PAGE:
The ANU is using Turnitin to enhance student citation and referencing techniques, and to assess assignment submissions as a component of the University's approach to managing Academic Integrity. For additional information regarding Turnitin please visit the ANU Online website. In rare cases where online submission using Turnitin software is not technically possible; or where not using Turnitin software has been justified by the Course Convener and approved by the Associate Dean (Education) on the basis of the teaching model being employed; students shall submit assessment online via ‘Wattle’ outside of Turnitin, or failing that in hard copy, or through a combination of submission methods as approved by the Associate Dean (Education). The submission method is detailed below.
Moderation of Assessment
Marks that are allocated during Semester are to be considered provisional until formalised by the College examiners meeting at the end of each Semester. If appropriate, some moderation of marks might be applied prior to final results being released.
Assessment Task 1
Learning Outcomes: 1,2 & 3
The Research Paper comprises the major written assessment and is designed to immerse course participants in a summative piece of research devised in dialogue with the course convener. It should demonstrate their ability to synthesise and integrate ideas obtained over the duration of the course with their own research interests and goals.
Assessment Task 2
Learning Outcomes: 1, 2 &4
Weekly Reading Responses
200 words (Maximum) X 10 weeks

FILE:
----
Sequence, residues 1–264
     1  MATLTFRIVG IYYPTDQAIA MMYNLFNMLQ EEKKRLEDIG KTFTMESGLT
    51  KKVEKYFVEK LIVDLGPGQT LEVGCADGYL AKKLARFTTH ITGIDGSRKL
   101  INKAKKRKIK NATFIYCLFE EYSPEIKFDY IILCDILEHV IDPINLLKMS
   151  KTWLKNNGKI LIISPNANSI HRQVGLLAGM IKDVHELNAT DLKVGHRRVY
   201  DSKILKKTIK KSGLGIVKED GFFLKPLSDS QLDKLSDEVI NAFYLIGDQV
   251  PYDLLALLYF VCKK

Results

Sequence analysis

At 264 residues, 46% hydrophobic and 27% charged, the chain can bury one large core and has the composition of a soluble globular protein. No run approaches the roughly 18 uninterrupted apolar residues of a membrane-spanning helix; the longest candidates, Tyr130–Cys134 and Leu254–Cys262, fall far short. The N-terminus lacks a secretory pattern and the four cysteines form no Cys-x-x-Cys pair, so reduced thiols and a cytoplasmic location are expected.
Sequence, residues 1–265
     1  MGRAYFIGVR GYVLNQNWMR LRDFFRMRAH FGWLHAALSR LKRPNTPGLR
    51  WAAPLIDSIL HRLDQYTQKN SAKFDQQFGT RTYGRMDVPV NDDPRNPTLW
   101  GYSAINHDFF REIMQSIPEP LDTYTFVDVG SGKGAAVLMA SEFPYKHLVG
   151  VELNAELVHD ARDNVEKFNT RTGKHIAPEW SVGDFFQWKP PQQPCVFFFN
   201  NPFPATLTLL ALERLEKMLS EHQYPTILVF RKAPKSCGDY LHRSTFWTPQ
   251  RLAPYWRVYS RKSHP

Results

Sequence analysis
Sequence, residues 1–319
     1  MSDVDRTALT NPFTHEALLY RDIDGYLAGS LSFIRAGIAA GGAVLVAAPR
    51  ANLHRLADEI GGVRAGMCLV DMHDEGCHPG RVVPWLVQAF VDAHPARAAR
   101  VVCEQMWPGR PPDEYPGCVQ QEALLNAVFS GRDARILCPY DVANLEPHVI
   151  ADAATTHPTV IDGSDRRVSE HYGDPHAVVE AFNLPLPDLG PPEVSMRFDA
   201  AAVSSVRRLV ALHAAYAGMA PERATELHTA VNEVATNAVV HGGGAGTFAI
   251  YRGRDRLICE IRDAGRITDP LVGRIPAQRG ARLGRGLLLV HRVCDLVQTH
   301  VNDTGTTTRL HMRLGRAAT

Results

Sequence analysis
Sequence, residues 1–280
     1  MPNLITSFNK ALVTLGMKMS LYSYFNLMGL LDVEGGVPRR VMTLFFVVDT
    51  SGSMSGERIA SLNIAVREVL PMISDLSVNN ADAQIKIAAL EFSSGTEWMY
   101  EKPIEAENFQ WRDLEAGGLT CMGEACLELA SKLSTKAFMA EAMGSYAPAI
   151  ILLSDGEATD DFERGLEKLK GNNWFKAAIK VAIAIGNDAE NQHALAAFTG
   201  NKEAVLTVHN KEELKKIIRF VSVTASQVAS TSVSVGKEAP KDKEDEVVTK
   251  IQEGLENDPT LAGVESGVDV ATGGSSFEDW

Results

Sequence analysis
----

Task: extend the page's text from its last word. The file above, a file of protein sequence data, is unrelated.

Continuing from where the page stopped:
30% (3% each)
These weekly reading responses will be posted to wattle constitute a form of intermediate task building towards the final goal of the course. It will enable students to develop and evaluation their reading comprehension skills which are a vital component of interpretivist methods. Students and convener will be encouraged to post comments on weekly reading responses and this will contribute to course participation.
Assessment Task 3
Learning Outcomes: 1, 2 & 4
The Oral Presentation is a form of peer-reviewed summative assessment designed to involve all course participants. Presentations will be on research that demonstrates some aspect of interpretivist methods in practice. Students will be provided with a working list of possible texts. Students may locate their own text to present upon in consultation with the convener so long as a pdf can be provided. Presenters will be assessed on their ability to succinctly engage with and present a reading that demonstrates 'interpretivism in action' and to lay out for students the components of the approach, research design and analysis with a focus on the strengths, limitations and contributions of the research under discussion. They will be asked to lead the class in formulating and discussing methodological and analytical questions that arise from the research.